What SMART goals can you set in your life? If you’ve already used them, how did it go? Tell me in the comments below.
Life has become hectic lately for me between helping care for my mother post-surgery, teaching, starting a new chapter in my writing career, being a mother and wife, and, of course, running. I was forced to take a step back a couple of weeks ago when I did a flying squirrel imitation, landing on concrete and bruising an upper rib, badly, as well as a forearm when I was running around UofL’s campus. A moment of distraction earned me aches and pains and two weeks off of running and cross training. Tucking my mouthpiece from my bladder into the front pocket of my hydration vest certainly didn’t help as I landed right on it.
Stepping back made me rethink how I’ve been balancing life lately, quite poorly as a matter of fact. Late nights writing and early mornings running and tending to my mother while trying to be a present parent, partner, and teacher had me wearing myself down without even realizing it. This post will detail 3 things to keep in mind about balancing running and life.
Your body can’t distinguish between types of stress—As coach and founder of SWAP Running (Some Work All Play) David Roche often points out, your body can’t tell the difference between life stress and running stress. We often think it’s the miles wearing us out when the work stress, family stress, sleepless nights, and anxiety are really the culprit. The last two weeks, I did something I haven’t done in forever, I napped. I also read, wrote, baked pretzels and a birthday cake for my husband with my daughter, and, admittedly, watched Hamilton several times. Little aches I had been ignoring are gone with the added rest, and I’ve gotten to spend more time with my family, rather than running around, literally and figuratively, all day. I’ve seen my daughter become an expert on her bike with training wheels, something my husband normally does with her, and gotten so many restorative snuggles from my sweet girl. She’s a good little nurse for a five-year-old, albeit a little forceful with her affection at times.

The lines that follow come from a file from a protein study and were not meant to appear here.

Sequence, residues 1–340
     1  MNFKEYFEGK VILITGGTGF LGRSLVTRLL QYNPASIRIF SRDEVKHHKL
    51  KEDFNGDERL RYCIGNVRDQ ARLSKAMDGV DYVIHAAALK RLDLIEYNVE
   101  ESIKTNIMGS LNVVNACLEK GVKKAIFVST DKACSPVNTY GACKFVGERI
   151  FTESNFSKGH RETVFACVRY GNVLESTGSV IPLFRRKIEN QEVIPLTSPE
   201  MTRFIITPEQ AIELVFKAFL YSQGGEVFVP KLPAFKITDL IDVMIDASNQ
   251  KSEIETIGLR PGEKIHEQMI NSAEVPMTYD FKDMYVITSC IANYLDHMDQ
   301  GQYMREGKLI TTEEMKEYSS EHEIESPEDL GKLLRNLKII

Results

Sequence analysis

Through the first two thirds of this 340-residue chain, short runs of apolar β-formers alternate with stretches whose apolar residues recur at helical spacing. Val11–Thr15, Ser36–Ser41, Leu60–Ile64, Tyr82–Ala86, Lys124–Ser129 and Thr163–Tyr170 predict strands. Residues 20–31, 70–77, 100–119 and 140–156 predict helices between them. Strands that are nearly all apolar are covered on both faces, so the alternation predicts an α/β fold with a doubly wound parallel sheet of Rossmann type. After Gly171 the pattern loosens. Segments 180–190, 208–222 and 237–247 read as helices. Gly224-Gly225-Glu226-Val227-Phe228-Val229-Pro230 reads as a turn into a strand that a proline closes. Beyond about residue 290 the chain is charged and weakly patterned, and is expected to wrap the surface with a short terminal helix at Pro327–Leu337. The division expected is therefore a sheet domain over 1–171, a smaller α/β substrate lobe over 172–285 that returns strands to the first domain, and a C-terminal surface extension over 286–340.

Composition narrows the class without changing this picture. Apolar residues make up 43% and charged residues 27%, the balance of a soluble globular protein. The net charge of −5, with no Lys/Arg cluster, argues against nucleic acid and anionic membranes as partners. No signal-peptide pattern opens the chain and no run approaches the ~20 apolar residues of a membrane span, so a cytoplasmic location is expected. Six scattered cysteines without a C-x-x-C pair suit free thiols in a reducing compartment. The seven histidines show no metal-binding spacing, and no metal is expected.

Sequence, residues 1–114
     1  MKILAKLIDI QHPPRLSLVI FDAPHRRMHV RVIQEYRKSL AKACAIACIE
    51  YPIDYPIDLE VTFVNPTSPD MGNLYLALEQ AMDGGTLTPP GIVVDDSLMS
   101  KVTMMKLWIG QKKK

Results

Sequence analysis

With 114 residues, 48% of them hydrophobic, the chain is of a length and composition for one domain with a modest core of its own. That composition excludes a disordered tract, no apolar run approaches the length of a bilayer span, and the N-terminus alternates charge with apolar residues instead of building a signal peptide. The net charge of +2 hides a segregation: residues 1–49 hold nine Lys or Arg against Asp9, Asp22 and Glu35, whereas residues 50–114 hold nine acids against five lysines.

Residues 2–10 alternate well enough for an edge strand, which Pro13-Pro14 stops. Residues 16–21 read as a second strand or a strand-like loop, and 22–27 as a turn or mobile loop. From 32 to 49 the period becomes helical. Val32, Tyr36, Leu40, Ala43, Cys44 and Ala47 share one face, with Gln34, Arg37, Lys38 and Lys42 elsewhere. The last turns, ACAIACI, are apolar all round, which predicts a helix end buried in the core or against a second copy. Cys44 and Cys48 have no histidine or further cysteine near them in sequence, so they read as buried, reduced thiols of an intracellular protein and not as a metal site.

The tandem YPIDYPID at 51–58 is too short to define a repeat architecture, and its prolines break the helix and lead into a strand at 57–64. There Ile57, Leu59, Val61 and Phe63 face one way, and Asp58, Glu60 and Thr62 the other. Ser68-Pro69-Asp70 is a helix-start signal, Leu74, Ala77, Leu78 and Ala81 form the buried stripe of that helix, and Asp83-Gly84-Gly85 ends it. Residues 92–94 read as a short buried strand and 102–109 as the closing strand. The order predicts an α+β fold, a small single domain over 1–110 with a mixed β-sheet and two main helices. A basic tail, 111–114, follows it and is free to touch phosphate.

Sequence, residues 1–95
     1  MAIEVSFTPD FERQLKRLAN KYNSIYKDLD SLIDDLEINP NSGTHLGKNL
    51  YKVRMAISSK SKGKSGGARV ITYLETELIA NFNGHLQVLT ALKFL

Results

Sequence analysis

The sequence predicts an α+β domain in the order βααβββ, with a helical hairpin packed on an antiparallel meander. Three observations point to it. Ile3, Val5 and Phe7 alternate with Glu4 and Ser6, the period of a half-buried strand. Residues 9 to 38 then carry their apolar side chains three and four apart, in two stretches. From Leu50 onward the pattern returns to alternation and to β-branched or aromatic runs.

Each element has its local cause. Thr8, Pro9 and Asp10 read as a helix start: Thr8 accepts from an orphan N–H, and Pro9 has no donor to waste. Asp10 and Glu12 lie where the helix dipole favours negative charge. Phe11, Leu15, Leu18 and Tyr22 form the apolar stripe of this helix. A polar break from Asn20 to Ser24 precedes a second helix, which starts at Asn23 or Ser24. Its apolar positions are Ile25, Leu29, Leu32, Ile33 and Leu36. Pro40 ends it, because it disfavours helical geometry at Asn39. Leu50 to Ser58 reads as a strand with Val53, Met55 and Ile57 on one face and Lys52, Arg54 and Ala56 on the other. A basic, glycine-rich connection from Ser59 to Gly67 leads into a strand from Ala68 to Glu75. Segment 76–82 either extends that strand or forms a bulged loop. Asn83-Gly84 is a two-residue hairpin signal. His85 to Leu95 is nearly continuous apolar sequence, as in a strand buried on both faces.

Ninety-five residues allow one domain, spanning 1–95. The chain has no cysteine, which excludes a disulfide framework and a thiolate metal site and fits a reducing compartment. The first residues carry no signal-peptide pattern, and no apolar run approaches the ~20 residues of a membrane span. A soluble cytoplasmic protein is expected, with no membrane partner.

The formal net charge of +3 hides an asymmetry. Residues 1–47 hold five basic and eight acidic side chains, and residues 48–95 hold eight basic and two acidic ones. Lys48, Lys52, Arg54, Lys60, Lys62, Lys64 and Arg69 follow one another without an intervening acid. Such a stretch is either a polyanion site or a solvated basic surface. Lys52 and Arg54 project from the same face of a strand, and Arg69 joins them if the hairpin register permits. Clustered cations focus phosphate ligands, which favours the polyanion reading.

Time off is okay—I’ve built my mileage up recently to around 35-40 miles a week, some a little less, averaging a little over 150 miles a month for the past four months. I took several months of slowly building up to this mileage, and I saw real gains from it with my pace and perceived effort going down. The trial of miles and consistency served me well. Going from 40 to nothing has been more mentally tough than anything. The extreme heat and humidity the past two weeks made me not too disappointed to have to take time off right now, and the pain the first week made me not even think of trying. This last week, I keep having to remind myself that I’m not losing all of my fitness. Some of it, sure, but not all of it. The gains will come back as I start back and ease my mileage back up. The muscle memory is still there. My body knows what to do.
Running isn’t going away—Whether you take a day off or a week or two off, your running shoes aren’t going anywhere. The roads and trails aren’t going anywhere. It’s still all out there waiting for you. As I’ve been laid up, I keep thinking about how good that next sunrise run on the trails will feel, how different the trails will look. I’m plotting out new routes around my neighborhood, new places to explore. I ordered some new gear from Skirt Sports and some new Ponya Bands, the best non slip headbands and bamboo sweatbands. Instead of focusing on what I’m missing, I’m planning the next adventure. Sure it throws off my 50K trail training (Knobstone Knockout, how did I forget you were rescheduled and not canceled?), but I have plenty of time until mid-October because I had built that consistency in my mileage. Focus on the future, don’t dwell on the present.
This time off due to injury turned out to be, in a way, just what I needed to remind me to bring that balance back to my life. It’s been good for my mind and body as I realized how much stress I had been running off rather than dealing with. I’m looking forward to lacing up my shoes for a trial run later this week, taking it easy as I start back in. This time, I’ll be more mindful of sleep, stress, and getting as many of those little girl snuggles as I can. How do you balance life and running? Tell me in the comments below!